August 28, 2009

Seeking the Face of the Lord

Authentic hope orients us to others and to God

Our Catholic tradition looks at the world holistically, not in a fragmented or individualistic way. All of creation, both the visible and the invisible world, was created by God to be united with him at the end of time.

As individual human beings, we long for communion with God and with one another. Ours is not an individualistic faith.

We believe that we are a pilgrim people journeying together to a heavenly homeland prepared for us by the risen Lord, who has ascended to the Father and who waits for us in the company of his Blessed Mother and all the saints.

This is the heavenly Jerusalem that is promised to us in Scripture. It is St. Augustine’s City of God. It is the fulfillment of the kingdom that is at the core of Jesus’ preaching.

The kingdom that has begun here on Earth, and that will reach its perfection in the world to come, is the source of our most profound hope. Beginning now, but much more completely in the world to come, we are called to be one with God and with all the saints.

In his encyclical letter “Spe Salvi” (“Saved by Hope”), Pope Benedict XVI writes that Christians have always believed that the “blessed life” which we hope for is a social reality and not something that happens to individual persons alone.

The pope recalls the Church’s consistent teaching that sin is “the destruction of the unity of the human race.” Indeed, sin is portrayed in the Scriptures as “fragmentation and division, Babel, the place where languages were confused, the place of separation” (“Spe Salvi,” #13). The English word sin comes from the German word “Sunde,” meaning divided or separated.

Self-centeredness is a prison, the result of sin. Only openness to others can free us from the slavery of sin to the happiness or joy of life in Christ.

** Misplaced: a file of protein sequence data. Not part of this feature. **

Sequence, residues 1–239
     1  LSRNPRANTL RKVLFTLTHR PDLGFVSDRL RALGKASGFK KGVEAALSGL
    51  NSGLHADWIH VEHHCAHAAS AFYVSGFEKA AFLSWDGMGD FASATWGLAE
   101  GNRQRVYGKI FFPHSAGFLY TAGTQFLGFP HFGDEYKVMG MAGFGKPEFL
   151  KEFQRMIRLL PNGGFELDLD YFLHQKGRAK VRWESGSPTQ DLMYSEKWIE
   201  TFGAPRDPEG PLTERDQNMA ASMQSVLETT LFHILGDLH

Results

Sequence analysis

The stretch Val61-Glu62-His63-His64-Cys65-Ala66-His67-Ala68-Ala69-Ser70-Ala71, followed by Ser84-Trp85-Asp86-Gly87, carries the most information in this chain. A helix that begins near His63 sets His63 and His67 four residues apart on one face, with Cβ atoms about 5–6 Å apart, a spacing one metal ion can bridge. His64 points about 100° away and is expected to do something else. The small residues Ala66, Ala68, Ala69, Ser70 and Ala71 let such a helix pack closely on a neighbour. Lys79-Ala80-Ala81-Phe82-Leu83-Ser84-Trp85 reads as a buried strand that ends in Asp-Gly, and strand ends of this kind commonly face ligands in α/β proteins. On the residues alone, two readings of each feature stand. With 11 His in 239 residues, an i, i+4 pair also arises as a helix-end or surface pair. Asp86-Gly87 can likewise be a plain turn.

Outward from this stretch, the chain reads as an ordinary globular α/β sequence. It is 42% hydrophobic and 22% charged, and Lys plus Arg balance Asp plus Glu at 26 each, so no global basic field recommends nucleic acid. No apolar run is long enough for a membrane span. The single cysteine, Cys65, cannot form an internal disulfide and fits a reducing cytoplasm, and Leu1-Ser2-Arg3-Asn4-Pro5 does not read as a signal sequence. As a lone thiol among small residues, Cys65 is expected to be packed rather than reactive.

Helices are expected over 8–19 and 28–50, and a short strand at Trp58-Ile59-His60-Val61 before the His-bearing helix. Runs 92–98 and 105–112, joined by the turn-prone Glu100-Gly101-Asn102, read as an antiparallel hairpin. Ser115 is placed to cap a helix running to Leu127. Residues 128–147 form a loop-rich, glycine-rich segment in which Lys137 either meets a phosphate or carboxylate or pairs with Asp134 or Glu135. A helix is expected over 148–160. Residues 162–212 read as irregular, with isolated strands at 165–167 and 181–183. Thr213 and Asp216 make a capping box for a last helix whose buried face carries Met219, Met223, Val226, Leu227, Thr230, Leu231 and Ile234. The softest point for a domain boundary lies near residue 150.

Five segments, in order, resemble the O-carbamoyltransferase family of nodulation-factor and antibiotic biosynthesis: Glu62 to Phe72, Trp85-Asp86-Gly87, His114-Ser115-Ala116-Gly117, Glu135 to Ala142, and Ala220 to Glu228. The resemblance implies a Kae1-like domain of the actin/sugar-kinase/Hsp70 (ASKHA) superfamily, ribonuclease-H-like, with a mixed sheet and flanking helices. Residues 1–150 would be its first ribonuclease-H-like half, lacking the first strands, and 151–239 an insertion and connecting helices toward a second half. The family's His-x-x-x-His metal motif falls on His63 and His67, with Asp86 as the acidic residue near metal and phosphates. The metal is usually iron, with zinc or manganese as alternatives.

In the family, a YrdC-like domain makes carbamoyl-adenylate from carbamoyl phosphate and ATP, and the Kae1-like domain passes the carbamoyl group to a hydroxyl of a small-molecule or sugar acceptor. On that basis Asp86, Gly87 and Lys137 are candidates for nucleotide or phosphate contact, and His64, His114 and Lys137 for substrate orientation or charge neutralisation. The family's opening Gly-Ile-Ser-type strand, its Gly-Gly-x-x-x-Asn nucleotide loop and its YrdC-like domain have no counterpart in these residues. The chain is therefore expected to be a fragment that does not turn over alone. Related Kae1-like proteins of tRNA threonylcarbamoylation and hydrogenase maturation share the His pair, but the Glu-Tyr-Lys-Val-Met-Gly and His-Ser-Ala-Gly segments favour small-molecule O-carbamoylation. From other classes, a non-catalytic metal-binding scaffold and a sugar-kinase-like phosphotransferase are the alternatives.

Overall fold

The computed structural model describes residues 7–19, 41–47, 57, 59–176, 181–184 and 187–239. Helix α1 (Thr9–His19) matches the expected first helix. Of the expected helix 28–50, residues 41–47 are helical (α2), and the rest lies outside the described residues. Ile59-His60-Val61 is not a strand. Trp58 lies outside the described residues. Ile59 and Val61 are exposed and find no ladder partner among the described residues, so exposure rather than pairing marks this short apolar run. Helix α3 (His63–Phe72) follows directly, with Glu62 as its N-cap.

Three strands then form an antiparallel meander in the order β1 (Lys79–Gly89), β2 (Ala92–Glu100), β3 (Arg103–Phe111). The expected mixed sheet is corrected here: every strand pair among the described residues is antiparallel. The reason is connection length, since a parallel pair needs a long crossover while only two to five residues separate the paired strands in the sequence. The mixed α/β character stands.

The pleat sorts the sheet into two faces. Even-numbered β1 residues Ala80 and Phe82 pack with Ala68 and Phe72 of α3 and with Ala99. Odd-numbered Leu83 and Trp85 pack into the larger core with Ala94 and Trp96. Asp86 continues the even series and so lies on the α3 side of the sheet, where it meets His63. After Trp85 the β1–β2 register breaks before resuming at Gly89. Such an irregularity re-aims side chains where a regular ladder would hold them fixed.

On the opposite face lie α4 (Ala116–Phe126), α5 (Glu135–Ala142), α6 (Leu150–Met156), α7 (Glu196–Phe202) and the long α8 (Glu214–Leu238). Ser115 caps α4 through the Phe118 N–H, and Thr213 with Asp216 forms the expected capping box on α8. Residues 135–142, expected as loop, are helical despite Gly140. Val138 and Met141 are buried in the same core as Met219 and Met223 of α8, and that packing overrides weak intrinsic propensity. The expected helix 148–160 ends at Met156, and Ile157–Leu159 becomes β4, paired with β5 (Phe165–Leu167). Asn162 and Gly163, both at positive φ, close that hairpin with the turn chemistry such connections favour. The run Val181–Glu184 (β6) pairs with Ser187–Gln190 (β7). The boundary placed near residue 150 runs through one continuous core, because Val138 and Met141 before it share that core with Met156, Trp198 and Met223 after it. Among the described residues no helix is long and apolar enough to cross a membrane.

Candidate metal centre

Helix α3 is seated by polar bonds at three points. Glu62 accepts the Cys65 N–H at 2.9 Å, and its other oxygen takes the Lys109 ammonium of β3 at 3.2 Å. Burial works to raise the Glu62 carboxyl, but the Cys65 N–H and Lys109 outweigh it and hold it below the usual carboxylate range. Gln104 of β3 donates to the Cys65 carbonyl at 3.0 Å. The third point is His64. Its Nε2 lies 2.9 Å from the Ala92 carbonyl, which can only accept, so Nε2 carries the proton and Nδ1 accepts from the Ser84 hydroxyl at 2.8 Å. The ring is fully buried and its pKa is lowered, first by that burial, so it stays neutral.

Hell is separation from God, the ultimate division of human community. Heaven is the exact opposite, where all of creation finds its unity and perfection in Christ, where we find happiness, peace and joy in the fullness of God’s love.

As the family of God, we are meant to be united in God’s love, which is perfectly realized in the communion of saints. This does not mean that we devalue the individual person.

On the contrary, each and every human being is made in God’s image and likeness. Each of us is known and loved by God by name, as an individual person, with inestimable dignity and worth. But precisely because every individual is important, we treasure the coming together of all people—not in false or superficial ways, but in a profound and holy unity.

We are not communists or socialists who believe that the collective (society) has more value than the individual person. We are Catholics who believe that true community exists only where the dignity of the individual person is recognized, respected and allowed to reach its full potential.

This image of “true community” applies to the family, to the Church and to human society in all its forms. It is an image of that perfect communion which is found in the mystery of the Holy Trinity—three distinct persons in one God.

As Pope Benedict teaches us, the blessed life that we long for “presupposes that we escape from the prison of our ‘I’, because only in the openness of this universal subject does our gaze open out to the source of our joy; to love itself; to God” (“Spe Salvi,” #14).

The Holy Father writes that “while this community-oriented vision of the blessed life is certainly directed beyond the present world, as such it also has to do with the building up of this world” (“Spe Salvi,” #15).

Our Catholic view of the world is sometimes characterized as a perspective that sees “both/and” rather than “either/or.” We recognize God’s kingdom both in this world and in the world to come.

We see ourselves both as individual persons made in God’s image and as members of a community, a family of faith.

And we believe in Jesus Christ, who is both God and man, as the one who is both here with us now (especially in the Eucharist), and yet to come at an hour that is unknown but eagerly expected.

Blessed Teresa of Calcutta used to tell her sisters that her service to the poorest of the poor was carried out “to Jesus, with Jesus and for Jesus.” This is unity in Christ. It is the recognition that whatever we do, we do to and with and for the Lord.

Authentic hope is not individualistic. Hope orients us to others and to the Triune God, who is the cause of our unity and the source of all hope. †

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